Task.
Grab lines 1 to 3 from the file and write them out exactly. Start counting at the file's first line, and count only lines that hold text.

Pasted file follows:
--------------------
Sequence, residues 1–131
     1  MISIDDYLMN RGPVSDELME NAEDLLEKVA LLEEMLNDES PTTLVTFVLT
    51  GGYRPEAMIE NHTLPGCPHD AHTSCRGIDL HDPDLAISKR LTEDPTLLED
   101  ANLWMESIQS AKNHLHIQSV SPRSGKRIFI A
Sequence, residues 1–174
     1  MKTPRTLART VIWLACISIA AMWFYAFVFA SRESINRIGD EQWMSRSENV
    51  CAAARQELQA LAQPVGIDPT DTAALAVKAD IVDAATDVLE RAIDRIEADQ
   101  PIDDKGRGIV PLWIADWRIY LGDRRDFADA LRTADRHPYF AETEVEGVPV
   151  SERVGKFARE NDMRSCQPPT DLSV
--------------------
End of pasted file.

Sequence, residues 1–131
     1  MISIDDYLMN RGPVSDELME NAEDLLEKVA LLEEMLNDES PTTLVTFVLT
    51  GGYRPEAMIE NHTLPGCPHD AHTSCRGIDL HDPDLAISKR LTEDPTLLED